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Title: The 2011 outburst of recurrent nova T Pyx: X-ray observations expose the white dwarf mass and ejection dynamics

The recurrent nova T Pyx underwent its sixth historical outburst in 2011, and became the subject of an intensive multi-wavelength observational campaign. We analyze data from the Swift and Suzaku satellites to produce a detailed X-ray light curve augmented by epochs of spectral information. X-ray observations yield mostly non-detections in the first four months of outburst, but both a super-soft and hard X-ray component rise rapidly after Day 115. The super-soft X-ray component, attributable to the photosphere of the nuclear-burning white dwarf, is relatively cool (∼45 eV) and implies that the white dwarf in T Pyx is significantly below the Chandrasekhar mass (∼1 M {sub ☉}). The late turn-on time of the super-soft component yields a large nova ejecta mass (≳ 10{sup –5} M {sub ☉}), consistent with estimates at other wavelengths. The hard X-ray component is well fit by a ∼1 keV thermal plasma, and is attributed to shocks internal to the 2011 nova ejecta. The presence of a strong oxygen line in this thermal plasma on Day 194 requires a significantly super-solar abundance of oxygen and implies that the ejecta are polluted by white dwarf material. The X-ray light curve can be explained by a dual-phase ejection, withmore » a significant delay between the first and second ejection phases, and the second ejection finally released two months after outburst. A delayed ejection is consistent with optical and radio observations of T Pyx, but the physical mechanism producing such a delay remains a mystery.« less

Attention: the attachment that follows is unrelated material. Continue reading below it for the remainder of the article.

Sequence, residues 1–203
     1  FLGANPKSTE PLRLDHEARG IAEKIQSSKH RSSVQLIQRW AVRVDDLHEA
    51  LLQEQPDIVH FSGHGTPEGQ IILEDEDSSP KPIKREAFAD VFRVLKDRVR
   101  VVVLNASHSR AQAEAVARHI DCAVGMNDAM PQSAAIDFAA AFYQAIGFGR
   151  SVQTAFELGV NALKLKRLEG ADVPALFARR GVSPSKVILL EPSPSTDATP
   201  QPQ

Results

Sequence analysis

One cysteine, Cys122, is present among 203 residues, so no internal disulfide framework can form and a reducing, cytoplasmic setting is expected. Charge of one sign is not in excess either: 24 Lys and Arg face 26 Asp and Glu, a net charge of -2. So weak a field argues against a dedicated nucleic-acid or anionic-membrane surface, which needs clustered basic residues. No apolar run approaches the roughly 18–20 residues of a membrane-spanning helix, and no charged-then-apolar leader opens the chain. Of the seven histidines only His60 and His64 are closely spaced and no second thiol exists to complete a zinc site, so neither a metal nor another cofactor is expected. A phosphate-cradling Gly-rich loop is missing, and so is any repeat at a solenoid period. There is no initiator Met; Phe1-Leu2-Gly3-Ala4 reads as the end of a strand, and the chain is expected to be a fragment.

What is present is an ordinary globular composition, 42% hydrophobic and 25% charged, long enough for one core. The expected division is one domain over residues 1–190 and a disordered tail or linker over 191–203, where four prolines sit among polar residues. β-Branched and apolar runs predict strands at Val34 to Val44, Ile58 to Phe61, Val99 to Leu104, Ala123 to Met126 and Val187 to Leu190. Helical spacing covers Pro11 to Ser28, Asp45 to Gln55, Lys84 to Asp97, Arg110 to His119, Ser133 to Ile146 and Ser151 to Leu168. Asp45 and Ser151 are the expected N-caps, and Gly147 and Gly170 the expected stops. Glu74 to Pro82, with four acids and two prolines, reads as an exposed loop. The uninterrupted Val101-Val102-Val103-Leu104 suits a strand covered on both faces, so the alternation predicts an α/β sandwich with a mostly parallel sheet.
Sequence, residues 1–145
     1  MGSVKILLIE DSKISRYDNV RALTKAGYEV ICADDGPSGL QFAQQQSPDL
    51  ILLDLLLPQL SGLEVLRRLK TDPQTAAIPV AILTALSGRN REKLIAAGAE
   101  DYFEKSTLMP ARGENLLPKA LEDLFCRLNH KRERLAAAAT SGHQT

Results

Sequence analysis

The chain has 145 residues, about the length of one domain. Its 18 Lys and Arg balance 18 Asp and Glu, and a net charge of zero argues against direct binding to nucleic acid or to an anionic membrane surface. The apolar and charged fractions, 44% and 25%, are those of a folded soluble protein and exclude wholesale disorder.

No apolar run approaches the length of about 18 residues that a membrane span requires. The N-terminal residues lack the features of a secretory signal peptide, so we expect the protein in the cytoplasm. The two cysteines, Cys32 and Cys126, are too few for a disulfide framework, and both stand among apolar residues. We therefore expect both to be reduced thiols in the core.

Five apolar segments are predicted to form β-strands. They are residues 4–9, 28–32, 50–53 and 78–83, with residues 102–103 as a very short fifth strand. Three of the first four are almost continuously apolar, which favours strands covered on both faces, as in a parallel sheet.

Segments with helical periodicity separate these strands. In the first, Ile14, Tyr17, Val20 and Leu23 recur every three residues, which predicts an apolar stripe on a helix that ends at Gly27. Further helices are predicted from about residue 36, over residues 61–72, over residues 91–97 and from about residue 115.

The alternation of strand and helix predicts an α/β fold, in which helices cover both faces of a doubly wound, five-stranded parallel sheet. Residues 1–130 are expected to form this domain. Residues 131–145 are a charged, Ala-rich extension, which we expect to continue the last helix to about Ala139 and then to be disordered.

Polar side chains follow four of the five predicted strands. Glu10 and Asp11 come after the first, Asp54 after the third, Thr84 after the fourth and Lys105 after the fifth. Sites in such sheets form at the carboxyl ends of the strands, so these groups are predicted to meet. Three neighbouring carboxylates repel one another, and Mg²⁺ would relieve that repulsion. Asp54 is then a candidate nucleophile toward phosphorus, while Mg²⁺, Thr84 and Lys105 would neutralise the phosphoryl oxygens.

Authors:
 [1] ;  [2] ;  [3] ; ;  [4] ; ; ;  [5] ; ;  [6] ;  [7] ;  [8]
  1. Department of Physics and Astronomy, Michigan State University, East Lansing, MI 48824 (United States)
  2. School of Physics and Astronomy, University of Minnesota, 115 Church Street SE, Minneapolis, MN 55455 (United States)
  3. CRESST and X-ray Astrophysics Laboratory, NASA/GSFC, Greenbelt, MD 20771 (United States)
  4. Columbia Astrophysics Laboratory, Columbia University, New York, NY (United States)
  5. National Radio Astronomy Observatory, P.O. Box O, Socorro, NM 87801 (United States)
  6. Department of Physics and Astronomy, University of Leicester, Leicester, LE1 7RH (United Kingdom)
  7. European Space Astronomy Centre (ESA/ESAC), Science Operations Department, E-28691 Villanueva de la Caada, Madrid (Spain)
  8. Max Planck Institut für Radioastronomie, Auf dem Hügel 69, D-53121 Bonn (Germany)
Publication Date:
OSTI Identifier:
22356602
Resource Type:
Journal Article
Resource Relation:
Journal Name: Astrophysical Journal; Journal Volume: 788; Journal Issue: 2; Other Information: Country of input: International Atomic Energy Agency (IAEA)
Country of Publication:
United States
Language:
English
Subject:
79 ASTROPHYSICS, COSMOLOGY AND ASTRONOMY; DETECTION; EV RANGE; HARD X RADIATION; KEV RANGE; MASS; NOVAE; OXYGEN; PHOTOSPHERE; PLASMA; SOFT X RADIATION; VISIBLE RADIATION; WAVELENGTHS; WHITE DWARF STARS